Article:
The new Templeton Prize winner speaks

May 28, 2010 • 6:30 am

Read and see how you too can get a million pounds. It’s not that hard!

Yes, one can believe in both evolution and God. Evolution is a well-confirmed scientific theory. Christians and other people of faith need not see evolution as a threat to their beliefs.

This is like saying “Gazelles and other antelopes need not see lions as a threat to their lives.”

20 thoughts on “The new Templeton Prize winner speaks

  1. “Reason is the greatest enemy that faith has; it never comes to the aid of spiritual things, but – more frequently than not – struggles against the divine Word, treating with contempt all that emanates from God”

    That about sums it up for me. I take the side of reason.

    1. Was that Martin Luther or John Calvin? At any rate, Augustine beat them to it by a little over 1000 years. Knowledge is evil – god says so in the book of Genesis.

  2. I think it is more akin to saying that African antelope and gazelles have nothing to fear from jaguars; if they ever confronted one they’d be screwed, but their chance of actually encountering one is infinitesimal

  3. But that is an ideological magazine, do we need to read and respond to that any more than creationist publications?

    “The Social Affairs Unit” is a libertarian rather than reactionary charity: “The Social Affairs Unit addresses social, economic and cultural issues with an emphasis on the value of personal responsibility. […] It does not favour the historic over the modern, nor the well-established over the innovative, nor the enduring over the fashionable, nor the traditional over the progressive.”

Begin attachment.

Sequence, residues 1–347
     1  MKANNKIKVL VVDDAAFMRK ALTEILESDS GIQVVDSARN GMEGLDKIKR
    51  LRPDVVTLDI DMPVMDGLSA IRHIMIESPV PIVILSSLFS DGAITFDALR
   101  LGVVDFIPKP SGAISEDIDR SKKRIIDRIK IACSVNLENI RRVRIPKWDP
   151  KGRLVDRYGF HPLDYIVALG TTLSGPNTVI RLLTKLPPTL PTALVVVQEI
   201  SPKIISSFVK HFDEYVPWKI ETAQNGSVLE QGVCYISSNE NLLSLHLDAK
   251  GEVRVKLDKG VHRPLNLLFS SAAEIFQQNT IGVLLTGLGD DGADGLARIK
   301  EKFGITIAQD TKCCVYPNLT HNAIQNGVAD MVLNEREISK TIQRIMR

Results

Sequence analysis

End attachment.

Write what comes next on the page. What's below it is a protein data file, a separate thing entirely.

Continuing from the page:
astronomy teaches us that the galaxies expand in space

    Ayala is slipping over the stones in his haste to make a short piece of it. In reality astronomy teaches us that space itself expands. The non-expanding galaxies are positioned, as everything else, in the observed expansion.

    This could perhaps better be: “astronomy teaches us that the galaxy clusters expand with space”. (Yes, with better tools even the local group is now observable to be moved apart by big bang. “Resistance is futile.” Eventually we will all be alone in the observable universe, on an Milky Way- Andromeda merged “Milkomeda” galaxy.)

  4. Ayala, the latest quisling in the scientific fraternity. But when you have little integrity it is easy to sell the remains for £1,000,000!

    1. Yeah, as Tom Lehrer put it:

      It’s so nice to have integrity,
      I’ll tell you why:
      If you really have integrity,
      It means your price is very high!

  5. On a related note there was an interview with liberal Christian Michael Dowd on the infidel guy show yesterday. In contrast to many of his type he was actually full of praise for the ‘New Atheist’ approach to religion (there goes his chance for an interview on Point of Inquiry!)
    He made plenty of sense when talking about evolution – in contrast to last weeks guest, Jerry Fodor (who made a bet that natural selection will be abandoned by science as a significant force in evolution within the next ten years!)

  6. Yes, one can believe in both evolution and God. Evolution is a well-confirmed scientific theory. Christians and other people of faith need not see evolution as a threat to their beliefs.